Excel Links

A hyperlink is a link to another location in the same workbook, another workbook, website, or application. When you click the hyperlink you are navigated to the location.
There are lots of reasons why Excel links break. In this article we focus on Excels great tool to fix workbook links. Security is a really big part of Microsoft apps; if you have linked information in your workbook, you will see a message/trust bar across the top under the ribbon. You are required to accept the links updates, then the information is updated. There may be times when you need to update the links manually.

Control links to other workbooksExcel's Edit Links dialog from Data > Queries & Connections > Edit Links

When the source and destination workbooks are opened on the same computer, links are updated automatically. When you open a destination workbook, and the source workbook is not open, you may be alerted by the Trust Bar whether to update the links. You can control whether the Trust Bar alerts you, and whether to update all links when the alert does not appear. You can also choose to update only certain links if the workbook contains more than one.

In the following sections we’ll review the most common options for managing how links are updated.

Manually update all or none of the links in a workbook
Close all source workbooks. If one source workbook is open, and others are closed, the updates will not be uniform.
Open the destination workbook.
To update the links, on the Trust Bar, click Update. Close the Trust Bar if you don’t want to update the links (look for the X on the right-hand side).

Manually update only some of the links to other workbooks
Open the workbook that contains the links.
Go to Data > Queries & Connections > Edit Links.
Data Connections
In the Source list, click the linked object that you want to update.
You can select individual workbooks with Ctrl+click, or all of them with Ctrl+A.
Click Update Values.

Change the source workbook of one external reference without affecting other external references in the destination workbook
Find the workbook that you want to use as the new source for the external reference, and note its location.
In the destination workbook, select the cell with the external reference that you want to change.
In the formula bar Button image , look for a reference to another workbook, such as C:\Reports\[Budget.xlsx], and replace that reference with the location of the new source workbook.

Control the startup prompt for updating links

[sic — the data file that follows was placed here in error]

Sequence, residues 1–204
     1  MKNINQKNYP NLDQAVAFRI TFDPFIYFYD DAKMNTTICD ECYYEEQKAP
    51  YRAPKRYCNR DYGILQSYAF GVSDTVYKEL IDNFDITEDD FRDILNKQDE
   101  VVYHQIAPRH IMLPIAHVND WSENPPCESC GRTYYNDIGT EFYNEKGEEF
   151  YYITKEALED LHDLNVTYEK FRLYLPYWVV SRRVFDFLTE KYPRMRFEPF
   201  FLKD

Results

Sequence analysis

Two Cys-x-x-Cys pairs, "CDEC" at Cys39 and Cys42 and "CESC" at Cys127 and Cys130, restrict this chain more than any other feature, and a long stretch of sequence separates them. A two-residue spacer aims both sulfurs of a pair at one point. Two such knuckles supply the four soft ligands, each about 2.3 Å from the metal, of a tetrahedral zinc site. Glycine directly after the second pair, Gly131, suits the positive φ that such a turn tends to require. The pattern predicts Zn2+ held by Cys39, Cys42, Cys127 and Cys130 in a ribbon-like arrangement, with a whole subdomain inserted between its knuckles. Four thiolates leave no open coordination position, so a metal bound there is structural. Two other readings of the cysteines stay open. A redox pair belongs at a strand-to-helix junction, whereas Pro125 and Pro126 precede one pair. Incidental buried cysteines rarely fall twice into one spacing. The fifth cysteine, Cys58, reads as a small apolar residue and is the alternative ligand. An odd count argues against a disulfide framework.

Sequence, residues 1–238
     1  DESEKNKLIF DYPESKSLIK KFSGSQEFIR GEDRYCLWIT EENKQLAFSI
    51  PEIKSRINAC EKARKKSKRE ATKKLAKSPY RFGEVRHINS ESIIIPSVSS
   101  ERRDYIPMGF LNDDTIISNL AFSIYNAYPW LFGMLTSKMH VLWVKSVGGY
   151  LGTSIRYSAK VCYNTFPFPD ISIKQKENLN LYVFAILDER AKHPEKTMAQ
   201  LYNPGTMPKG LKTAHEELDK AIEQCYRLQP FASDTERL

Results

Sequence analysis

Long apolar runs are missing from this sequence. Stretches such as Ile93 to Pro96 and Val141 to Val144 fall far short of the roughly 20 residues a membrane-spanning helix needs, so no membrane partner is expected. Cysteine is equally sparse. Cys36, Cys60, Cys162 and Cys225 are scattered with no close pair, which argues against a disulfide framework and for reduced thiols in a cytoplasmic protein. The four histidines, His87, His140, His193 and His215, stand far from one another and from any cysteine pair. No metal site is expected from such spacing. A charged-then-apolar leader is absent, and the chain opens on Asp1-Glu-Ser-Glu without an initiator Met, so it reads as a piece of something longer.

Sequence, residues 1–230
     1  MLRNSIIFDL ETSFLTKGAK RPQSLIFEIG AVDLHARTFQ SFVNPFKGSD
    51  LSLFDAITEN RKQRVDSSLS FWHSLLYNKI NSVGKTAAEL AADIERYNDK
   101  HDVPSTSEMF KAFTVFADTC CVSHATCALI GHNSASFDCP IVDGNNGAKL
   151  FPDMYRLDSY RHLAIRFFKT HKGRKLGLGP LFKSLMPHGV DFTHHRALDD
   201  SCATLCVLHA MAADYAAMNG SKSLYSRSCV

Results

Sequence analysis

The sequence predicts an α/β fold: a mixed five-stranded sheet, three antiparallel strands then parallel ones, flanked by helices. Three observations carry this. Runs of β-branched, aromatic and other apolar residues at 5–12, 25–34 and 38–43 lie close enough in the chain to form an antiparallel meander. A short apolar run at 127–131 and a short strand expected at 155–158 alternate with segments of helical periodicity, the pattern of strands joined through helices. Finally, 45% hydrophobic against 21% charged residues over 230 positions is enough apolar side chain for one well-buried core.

You can decide whether the links in this workbook are updated when opening the file according to the user’s setting, not updated when opening the file, or updated automatically without prompting the user.
Warning: This option affects all users of the workbook. If you choose not to update links, and not to prompt, users of the workbook will not know that the data is out of date.
Go to Data > Queries & Connections > Edit Links.
Click Startup Prompt.
Select from one of the following three options:
Let users choose to display the alert or not
Don’t display the alert and don’t update automatic links
Don’t display the alert and update links.
Automatic vs. Manual update options – Formula links are always set to Automatic.
Even if you specify that Excel should not ask whether to update links, you will still be notified if there are any broken links.

Edit Link options
When you open the Edit Links dialog (Data > Queries & Connections > Edit Links), you’re presented with several options for dealing with existing links. You can select individual workbooks with Ctrl+click, or all of them with Ctrl+A.
Excels Edit Links dialog from Data > Queries & Connections > Edit Links
Update Values
This will update all selected workbooks.

Change Source
This option is useful when you want to point existing links to another source. For instance, you might have a prior year workbook, and need to point to a new workbook when a new year starts. Selecting Change source will launch a file explorer dialog, where you can browse to the new source workbook. If the workbook has more than one worksheet, you will be prompted to specify which one to link to – just click the sheet you want and click OK.
Note: It is possible to point a workbook back to itself by selecting it from the Change source dialog. This will sever any formula links to the originally linked source workbook.
Open Source
This will open the source workbook.
Break Link
Important: When you break a link to a source, all formulas that use the source are converted to their current value. For example, the link =SUM([Budget.xlsx]Annual!C10:C25) would be converted to the sum of the values in the source workbook. Because this action cannot be undone, you may want to save a version of the file first.
– On the Data tab, in the Queries & Connections group, click Edit Links.
– In the Source list, click the link that you want to break.
– You can select individual workbooks with Ctrl+click, or all of them with Ctrl+A.
– Click Break Link.

If the link used a defined name, the name is not automatically removed, so you may also want to delete the name.
To delete a name:
If you use an external data range, a parameter of a query may also use data from another workbook. You may want to check for and remove any of these types of links.
On the Formulas tab, in the Defined Names group, click Name Manager.
In the Name column, click the name that you want to delete, and then click Delete.
Check Status

This simply displays a notification in the Edit Links pane whether a linked workbook is still a valid source. It should display OK, but if it doesn’t then you’ll need to check on the source workbook. In many cases, a source workbook may have been moved or deleted, cutting the link. If the workbook still exists, you can use the Change Source option to re-link the workbook.

The links settings applies to all versions from Excel 2000 and later

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